ITEC801 Introduction to Distributed Systems
Total Marks: 20
Due date: Monday 2nd October 2017
Question 1 (5 marks) Case Study 1
Choose either BitTorrent or Skype. Describe the architecture of the one you choose. What are the peers and super peers? What are the protocols used? Where is information stored?
Note: proprietary aspects might be difficult to find out, but you should make a best attempt to do so.
(2-4 pages, 800-1,500 words)
Question 2 (5 marks) Case Study 2
Choose either Mercurial or Git – programming code repositories. Describe how your choice works differently to centralized systems such as CVS and Subversion. Answer the same questions as in question 1.
(2-4 pages, 800-1,500 words)
Question 3 (10 marks) Protocol Design
Hostnet is a distributed system that hostels have decided to set up to manage bookings. They have decided not to use a centralized system, but to keep booking data themselves. Each hostel also wants to use their existing systems which differ in operating systems (Linux, MacOS, Windows) and versions.
End users use an app that connects to a hostel system near them. How can the system best provide this initial connection information?
Once connected to an initial system, a user will search for a hostel at their destination. Consider how to arrange systems as an overlay, is this structured or unstructured?
Systems can also come and go. What happens to the overlay when this happens?
Design application protocols to disseminate system availability information. Also design protocols to enable the user to search and make bookings.
From the characterization of protocols in the lecture of IPC decide which combination of attributes you need, that is text- or binary-based, etc.
You need to consider Salzer and Reed’s End-to-End argument – how much of the reliability factor can you leave to transport protocols and how much must be handled at the application layer.
Your protocol must be designed to be future-proofed so that new services can be added and existing message formats can be changed.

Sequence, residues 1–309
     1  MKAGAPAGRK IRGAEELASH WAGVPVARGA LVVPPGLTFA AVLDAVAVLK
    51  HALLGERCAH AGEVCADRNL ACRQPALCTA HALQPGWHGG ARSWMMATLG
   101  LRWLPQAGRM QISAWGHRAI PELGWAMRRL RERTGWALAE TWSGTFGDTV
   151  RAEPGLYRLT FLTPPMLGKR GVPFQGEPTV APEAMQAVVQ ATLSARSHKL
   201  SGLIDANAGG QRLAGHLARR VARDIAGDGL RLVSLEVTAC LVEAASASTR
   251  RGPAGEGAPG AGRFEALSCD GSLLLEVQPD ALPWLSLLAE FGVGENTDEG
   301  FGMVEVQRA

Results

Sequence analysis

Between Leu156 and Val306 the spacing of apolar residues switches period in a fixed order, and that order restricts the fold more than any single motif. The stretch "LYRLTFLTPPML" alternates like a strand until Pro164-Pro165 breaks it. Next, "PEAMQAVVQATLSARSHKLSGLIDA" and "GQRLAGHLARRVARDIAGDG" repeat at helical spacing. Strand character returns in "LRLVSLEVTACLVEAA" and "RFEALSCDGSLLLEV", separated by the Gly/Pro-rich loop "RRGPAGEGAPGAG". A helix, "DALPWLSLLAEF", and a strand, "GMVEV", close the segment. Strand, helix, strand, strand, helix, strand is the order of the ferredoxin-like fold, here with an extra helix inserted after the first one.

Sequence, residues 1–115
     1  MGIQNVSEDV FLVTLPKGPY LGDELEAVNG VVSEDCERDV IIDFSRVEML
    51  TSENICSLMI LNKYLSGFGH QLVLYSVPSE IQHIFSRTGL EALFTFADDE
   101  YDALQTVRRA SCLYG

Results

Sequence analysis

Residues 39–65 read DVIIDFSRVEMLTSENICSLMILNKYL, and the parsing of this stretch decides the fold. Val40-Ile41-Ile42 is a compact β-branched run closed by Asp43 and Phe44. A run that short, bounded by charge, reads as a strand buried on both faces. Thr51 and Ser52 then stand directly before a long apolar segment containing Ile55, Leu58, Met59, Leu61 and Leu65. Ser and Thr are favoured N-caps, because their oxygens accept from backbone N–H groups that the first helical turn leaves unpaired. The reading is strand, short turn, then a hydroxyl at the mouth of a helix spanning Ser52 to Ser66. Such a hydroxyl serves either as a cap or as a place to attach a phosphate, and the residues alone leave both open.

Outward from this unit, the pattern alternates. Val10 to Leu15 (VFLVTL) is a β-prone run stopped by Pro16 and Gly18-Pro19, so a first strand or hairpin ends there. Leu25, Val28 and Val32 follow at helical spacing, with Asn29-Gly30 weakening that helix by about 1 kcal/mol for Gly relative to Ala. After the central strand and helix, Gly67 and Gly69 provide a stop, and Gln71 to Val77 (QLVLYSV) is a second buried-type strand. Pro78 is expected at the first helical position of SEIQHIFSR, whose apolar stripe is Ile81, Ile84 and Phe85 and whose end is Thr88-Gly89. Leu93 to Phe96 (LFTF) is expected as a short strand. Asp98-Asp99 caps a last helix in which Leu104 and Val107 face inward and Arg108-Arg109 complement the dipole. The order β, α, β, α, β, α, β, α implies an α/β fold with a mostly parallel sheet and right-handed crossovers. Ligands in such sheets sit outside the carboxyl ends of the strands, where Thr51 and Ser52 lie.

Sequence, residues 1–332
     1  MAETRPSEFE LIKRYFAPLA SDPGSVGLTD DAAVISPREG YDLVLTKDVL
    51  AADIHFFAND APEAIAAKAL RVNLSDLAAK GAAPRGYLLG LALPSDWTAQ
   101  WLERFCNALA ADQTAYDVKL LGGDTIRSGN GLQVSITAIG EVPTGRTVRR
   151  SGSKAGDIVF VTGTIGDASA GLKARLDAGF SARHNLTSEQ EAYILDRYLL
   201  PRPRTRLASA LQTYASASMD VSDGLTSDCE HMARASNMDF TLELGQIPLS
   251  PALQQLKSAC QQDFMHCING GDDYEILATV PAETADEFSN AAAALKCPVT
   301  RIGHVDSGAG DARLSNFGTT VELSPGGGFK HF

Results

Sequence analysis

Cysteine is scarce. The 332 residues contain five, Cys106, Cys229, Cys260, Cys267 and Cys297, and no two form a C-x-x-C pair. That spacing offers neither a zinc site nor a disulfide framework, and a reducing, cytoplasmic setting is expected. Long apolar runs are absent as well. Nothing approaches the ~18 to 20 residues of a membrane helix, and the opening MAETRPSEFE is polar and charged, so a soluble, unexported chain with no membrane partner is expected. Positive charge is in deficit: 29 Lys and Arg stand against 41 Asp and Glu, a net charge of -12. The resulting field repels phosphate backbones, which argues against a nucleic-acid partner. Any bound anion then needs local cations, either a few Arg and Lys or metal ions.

Now you need to cover the three aspects of protocol design:
Syntax – the format of the messages
Semantics – what do the fields in the message mean and error handling if that can’t be fulfilled
Timing – coordination between sender and receiver covering timeout situations.
For syntax, such formalisms as EBNF could be used, although not required.
For semantics, we could use formalisms such as denotational and axiomatic semantics, however, they would require a whole course to explain. The clue is in axiomatic. You can informally describe the axioms – the assumptions that are made for a correct system. For example a type given to a field is an axiom. “This field must be a string”. A tighter axiom would be “This field must be an ASCII string” - that is rather than EBCDIC or other character encoding. If you do not have this character type restriction, you would have to dynamically type the string with another field “string_type” which tells the receiver to interpret it as ASCII, EBCDIC, or UTF. This is what semantics is about – how the receiver interprets the message.
For protocols, we also need timing – that is, how long do we wait until we can assume messages have been lost. You can express these with the timing diagrams we introduced in the IPC lecture.
(5 to 10 pages)
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